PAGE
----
We might take a lesson from both David and the Ammonites today; and each of these lessons will save us suffering if we can be open to their message.  From the Ammonites who expect insult and war, we see that when we take a bellicose stance, we guarantee our suffering.  It seems we humans are often eager to fulfill our own dark hope.  Nestled against Israel’s eastern boundary, this tribe may have felt a kind of national inferiority.  Along with the Moabites, these descendents of Lot struggled to maintain peace within and along their borders.  Rightly or wrongly, the young king Hanun took an aggressive stance against David when he rejected David’s offer of amity and instead sought allegiance against Israel with the Arameans, another small kingdom to the north.  All hope for independence is dashed and in the end these Ammonites – whose rudeness stirs the Israelites to revenge – becomes subject to Israel, and the Arameans stand down from their aggressive posture.  We can never know if David somehow plotted in hopes that this scheme would bring him a vassal state; but we can easily see that the ultimate outcome for the Ammonites was the same – or perhaps even worse.  When we expect insult and take a bellicose stance, we guarantee our suffering.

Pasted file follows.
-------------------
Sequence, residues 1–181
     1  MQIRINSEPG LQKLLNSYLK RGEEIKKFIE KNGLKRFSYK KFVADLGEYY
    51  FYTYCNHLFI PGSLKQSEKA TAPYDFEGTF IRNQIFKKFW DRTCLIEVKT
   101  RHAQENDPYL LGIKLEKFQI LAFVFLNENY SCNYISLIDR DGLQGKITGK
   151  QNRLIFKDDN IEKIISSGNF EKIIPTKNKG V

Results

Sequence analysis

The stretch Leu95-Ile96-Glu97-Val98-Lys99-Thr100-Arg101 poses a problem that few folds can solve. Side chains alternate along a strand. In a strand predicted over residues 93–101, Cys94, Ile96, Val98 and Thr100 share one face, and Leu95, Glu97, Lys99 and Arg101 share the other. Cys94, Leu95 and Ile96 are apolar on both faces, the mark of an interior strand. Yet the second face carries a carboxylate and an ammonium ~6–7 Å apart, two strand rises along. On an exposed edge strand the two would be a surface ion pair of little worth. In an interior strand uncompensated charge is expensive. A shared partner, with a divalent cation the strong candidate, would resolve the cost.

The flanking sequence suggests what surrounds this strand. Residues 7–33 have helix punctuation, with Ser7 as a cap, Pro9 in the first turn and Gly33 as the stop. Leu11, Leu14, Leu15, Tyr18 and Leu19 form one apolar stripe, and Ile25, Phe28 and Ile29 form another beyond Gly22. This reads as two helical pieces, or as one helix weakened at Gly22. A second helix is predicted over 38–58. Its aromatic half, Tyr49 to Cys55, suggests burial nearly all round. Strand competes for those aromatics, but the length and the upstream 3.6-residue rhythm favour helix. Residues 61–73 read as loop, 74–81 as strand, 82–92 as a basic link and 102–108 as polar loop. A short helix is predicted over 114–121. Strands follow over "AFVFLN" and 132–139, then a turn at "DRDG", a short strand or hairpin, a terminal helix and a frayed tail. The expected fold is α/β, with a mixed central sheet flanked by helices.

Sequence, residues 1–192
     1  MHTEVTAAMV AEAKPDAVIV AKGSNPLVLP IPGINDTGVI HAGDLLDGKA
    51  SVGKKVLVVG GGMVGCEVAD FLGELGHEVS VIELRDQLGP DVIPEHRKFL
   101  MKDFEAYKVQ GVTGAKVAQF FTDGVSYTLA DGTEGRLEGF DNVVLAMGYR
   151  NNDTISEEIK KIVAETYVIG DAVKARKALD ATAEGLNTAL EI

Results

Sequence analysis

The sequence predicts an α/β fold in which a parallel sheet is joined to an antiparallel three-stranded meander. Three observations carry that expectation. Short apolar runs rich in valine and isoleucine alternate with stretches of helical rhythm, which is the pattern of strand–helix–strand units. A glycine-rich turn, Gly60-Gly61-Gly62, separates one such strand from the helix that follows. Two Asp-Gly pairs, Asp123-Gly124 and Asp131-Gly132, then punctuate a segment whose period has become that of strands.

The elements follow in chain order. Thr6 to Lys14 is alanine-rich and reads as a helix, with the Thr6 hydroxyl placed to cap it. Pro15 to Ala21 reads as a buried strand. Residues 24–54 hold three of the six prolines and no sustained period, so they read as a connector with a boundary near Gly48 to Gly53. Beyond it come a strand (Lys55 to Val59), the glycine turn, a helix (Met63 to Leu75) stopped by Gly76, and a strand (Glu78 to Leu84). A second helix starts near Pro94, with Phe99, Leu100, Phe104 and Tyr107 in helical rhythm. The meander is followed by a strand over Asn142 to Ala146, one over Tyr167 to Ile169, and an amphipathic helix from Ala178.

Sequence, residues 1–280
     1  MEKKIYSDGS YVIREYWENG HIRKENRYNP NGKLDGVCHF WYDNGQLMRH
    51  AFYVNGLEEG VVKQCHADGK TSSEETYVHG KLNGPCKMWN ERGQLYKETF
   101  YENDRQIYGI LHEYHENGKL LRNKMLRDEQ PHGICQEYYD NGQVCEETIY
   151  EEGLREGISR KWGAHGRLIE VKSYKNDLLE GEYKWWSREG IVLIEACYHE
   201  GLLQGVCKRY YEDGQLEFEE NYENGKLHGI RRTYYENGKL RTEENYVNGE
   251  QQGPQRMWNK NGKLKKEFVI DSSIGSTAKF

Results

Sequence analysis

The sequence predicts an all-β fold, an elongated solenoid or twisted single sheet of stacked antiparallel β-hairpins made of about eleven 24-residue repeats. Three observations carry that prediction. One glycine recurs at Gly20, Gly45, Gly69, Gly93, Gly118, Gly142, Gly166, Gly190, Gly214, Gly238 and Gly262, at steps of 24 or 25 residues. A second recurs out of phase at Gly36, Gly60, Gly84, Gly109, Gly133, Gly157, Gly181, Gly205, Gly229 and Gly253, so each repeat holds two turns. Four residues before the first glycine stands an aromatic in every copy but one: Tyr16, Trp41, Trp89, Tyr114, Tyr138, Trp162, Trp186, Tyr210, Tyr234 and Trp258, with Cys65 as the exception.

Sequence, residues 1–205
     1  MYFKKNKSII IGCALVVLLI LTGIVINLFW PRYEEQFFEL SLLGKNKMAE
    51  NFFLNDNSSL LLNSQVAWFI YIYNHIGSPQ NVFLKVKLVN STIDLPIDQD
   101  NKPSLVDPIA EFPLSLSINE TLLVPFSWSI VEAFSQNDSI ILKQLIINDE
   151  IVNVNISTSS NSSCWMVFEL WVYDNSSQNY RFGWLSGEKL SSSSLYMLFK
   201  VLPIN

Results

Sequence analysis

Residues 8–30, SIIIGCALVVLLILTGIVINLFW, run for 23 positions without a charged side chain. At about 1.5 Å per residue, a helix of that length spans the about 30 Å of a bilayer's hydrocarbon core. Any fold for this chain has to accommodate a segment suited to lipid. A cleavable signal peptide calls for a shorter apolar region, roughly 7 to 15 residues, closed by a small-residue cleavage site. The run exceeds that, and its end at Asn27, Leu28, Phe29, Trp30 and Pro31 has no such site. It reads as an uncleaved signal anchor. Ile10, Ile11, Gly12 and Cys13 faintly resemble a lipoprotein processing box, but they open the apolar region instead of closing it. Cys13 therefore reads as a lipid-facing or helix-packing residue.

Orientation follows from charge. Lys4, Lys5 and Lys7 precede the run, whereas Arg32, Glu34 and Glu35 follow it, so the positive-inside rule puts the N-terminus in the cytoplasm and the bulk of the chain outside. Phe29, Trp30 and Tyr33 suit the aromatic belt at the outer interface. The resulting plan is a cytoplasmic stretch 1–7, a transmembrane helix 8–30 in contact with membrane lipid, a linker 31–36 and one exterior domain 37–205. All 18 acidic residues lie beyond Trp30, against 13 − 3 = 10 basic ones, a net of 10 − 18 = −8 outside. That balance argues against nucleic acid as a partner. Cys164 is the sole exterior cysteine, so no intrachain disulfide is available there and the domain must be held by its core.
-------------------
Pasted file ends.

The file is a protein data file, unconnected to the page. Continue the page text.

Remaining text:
Van Honthorst: King David Playing the Harp

The major player in this reading is, of course, David and from him today we might learn: We are most open to failure when we are at our most secure.  From the HarperCollins Bible Commentary, “If, on the one hand, we think of the Ammonite war as after the events of chap. 8, we are struck by the rapidity with which what appeared secure has again become a threat. If, on the other hand, we read the war account as a flashback, we may be struck by the irony of the context in which David’s adultery and murder have been set.  It is at the very peak of his power, when YHWY is giving him victory wherever he goes (8:14), that the king most conspicuously fails.  Security breeds insecurity; success incubates failure.  It is as the gift of the kingdom is being made complete that YHWY’s chosen one chooses to grasp most rapaciously what is not his to grasp.  In short, it is at his most secure that David turns out to be most open to failure”.  (Mays 269)